The scope of the Project was limited to MRI data with the understanding that the developed requirements and trusted data repository services could be adapted to, or serve as a basis for other instruments/modalities.
The key outcomes from the Project include:
- The NIF agreed process for acquiring trusted data (NAP) – Lists the requirements that must be satisfied to obtain high-quality data, i.e. NIF-certified data, suitable for ingestion in a NIF trusted data repository service. They cover provisioning of a unique instrument identifier, instrument registration with Research Data Australia (https://researchdata.ands.org.au), quality control (QC), quality assurance measures, requisite metadata (including cross-reference to the QC data), the process by which data is moved from the instrument to the digital repository service and the format(s) of the data.
- The NIF requirements for a trusted data repository service – Provides a platform-agnostic checklist of requirements that a basic NIF trusted data repository service should satisfy, including: identification of data by a unique Project identifier, ingestion of data from NIF-compliant instruments, authentication via the Australian Access Federation (https://aaf.edu.au), interoperability and easy deployment across NIF nodes.
- Implementations of trusted data repository services for two exemplars:
- Preclinical MRI data (with mouse brain data as an example) acquired across three NIF nodes—UNSW, UQ and UWA—using a Bruker BioSpec 9.4T MRI. The services have been implemented using the open source MyTardis/ImageTrove (https://www.mytardis.org) platform.
- Clinical ataxia MRI data acquired using a Siemens Skyra 3T MRI scanner in support of a Monash-proposed International Ataxia Imaging Repository (IAIR). The service has been Implemented using the open source XNAT (https://www.xnat.org) platform.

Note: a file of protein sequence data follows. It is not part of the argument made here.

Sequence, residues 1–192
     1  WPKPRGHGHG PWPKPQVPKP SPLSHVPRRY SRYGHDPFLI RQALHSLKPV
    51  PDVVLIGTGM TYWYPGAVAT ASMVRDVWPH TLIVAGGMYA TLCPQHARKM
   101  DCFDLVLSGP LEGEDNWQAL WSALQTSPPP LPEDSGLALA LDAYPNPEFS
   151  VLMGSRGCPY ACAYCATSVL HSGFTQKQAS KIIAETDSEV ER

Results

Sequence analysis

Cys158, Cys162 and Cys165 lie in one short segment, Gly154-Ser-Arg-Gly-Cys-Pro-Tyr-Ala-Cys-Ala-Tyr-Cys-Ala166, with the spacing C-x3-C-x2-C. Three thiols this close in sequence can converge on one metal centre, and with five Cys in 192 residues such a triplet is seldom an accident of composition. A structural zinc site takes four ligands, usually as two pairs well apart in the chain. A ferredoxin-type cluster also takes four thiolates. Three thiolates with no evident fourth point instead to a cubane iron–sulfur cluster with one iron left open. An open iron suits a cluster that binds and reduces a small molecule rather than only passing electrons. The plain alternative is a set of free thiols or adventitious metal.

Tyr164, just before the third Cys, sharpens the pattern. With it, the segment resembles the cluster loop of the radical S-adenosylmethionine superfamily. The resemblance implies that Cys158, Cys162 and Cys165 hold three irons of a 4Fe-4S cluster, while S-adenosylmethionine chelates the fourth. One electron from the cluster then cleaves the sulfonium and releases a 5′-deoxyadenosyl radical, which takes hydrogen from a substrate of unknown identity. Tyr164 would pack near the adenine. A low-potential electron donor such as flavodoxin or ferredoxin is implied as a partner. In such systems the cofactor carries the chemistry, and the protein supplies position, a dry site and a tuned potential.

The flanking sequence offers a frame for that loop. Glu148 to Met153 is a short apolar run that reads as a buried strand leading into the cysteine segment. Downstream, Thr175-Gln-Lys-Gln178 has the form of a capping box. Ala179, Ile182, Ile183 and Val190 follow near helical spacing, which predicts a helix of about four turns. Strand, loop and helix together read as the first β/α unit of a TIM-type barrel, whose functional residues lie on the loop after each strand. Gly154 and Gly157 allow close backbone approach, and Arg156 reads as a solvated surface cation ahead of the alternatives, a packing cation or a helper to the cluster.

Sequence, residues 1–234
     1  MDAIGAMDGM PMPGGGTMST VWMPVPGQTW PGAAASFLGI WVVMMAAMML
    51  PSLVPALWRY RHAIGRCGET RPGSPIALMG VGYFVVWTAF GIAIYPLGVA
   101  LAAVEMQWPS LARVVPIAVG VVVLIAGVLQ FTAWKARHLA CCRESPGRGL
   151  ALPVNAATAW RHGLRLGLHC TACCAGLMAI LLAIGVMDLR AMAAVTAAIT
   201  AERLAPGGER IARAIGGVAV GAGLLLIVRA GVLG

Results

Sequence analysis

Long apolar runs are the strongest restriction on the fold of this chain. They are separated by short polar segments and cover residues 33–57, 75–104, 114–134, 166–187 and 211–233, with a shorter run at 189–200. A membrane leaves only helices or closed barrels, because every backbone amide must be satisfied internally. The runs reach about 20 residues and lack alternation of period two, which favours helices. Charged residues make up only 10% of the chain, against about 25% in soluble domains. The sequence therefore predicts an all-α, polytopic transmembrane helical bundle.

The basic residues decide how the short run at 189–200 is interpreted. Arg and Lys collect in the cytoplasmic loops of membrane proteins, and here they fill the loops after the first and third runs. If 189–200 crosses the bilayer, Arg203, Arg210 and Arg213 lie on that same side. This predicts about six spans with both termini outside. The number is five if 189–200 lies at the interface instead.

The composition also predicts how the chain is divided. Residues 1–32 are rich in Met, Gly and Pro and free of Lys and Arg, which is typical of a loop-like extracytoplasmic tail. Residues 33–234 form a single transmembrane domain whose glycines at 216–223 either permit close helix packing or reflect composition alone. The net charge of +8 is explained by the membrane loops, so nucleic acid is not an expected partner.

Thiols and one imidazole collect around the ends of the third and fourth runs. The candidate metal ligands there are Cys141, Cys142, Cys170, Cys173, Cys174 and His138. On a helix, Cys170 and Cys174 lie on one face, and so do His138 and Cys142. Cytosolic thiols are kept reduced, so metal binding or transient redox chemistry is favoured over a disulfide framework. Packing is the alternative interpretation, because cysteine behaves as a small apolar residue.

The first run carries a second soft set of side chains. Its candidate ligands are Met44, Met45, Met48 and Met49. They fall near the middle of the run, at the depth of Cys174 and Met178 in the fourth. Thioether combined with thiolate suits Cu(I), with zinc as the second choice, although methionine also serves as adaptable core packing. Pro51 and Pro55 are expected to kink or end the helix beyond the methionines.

Software developed to support the implementation of the repository services includes: Docker (https://www.docker.com) Compose scripts to permit easy deployment at differents sites, client-side scripts for uploading NIF-certified data to ImageTrove/MyTardis and an XNAT plugin for uploading non-DICOM files.
- Assessments of the resulting trusted data repository services against a relevant international metric, the CoreTrustSeal (https://www.coretrustseal.org) Core Trustworthy Data Repositories Requirements.
For NIF users and the broader imaging research community the benefits and impact of this Project include:
- Reliable and durable access to data
- Improved reliability of research outputs and the provenance associated with it
- Making NIF data more FAIR (Findable, Accessible, Interoperable, Reusable – https://www.ands.org.au/working-with-data/the-fair-data-principles)
- Easier linkages between publications and data
- Stronger research partnerships
For research institutions they include:
- Enhanced reputation management
- A means by which to comply with the Australian Code for the Responsible Conduct of Research
- Enhanced ability to engage in multi-centre imaging research projects
For NIF they include
- Improved data quality
- Improved international reputation
- The ability to run multi-centre trials
The transition plan post-funding includes: maintenance of existing services for 10 years; the integration of additional instruments; creation of a project web portal; planned new national and international service deployments; refinements and improvements; and CoreTrustSeal certification.
Project documents have been archived in the NIF Customer Relationship Management (CRM) system (accessible by NIF staff). Project software is hosted on GitHub and is freely available for download here: https://github.com/NIF-au/TDR. For further information please contact either the national Project Manager or NIF.
Project Manager and UWA lead: Andrew Mehnert (NIF Informatics Fellow, Centre for Microscopy, Characterisation and Analysis).
NIF lead – Graham Galloway (Chief Executive Officer, NIF)
UQ lead – Andrew Janke (NIF Informatics Fellow, Centre for Advanced Imaging)
UNSW lead – Marco Gruwel (Senior Research Associate, Mark Wainwright Analytical Centre)
Monash lead – Wojtek Goscinski (Associate Director, Monash eResearch Centre)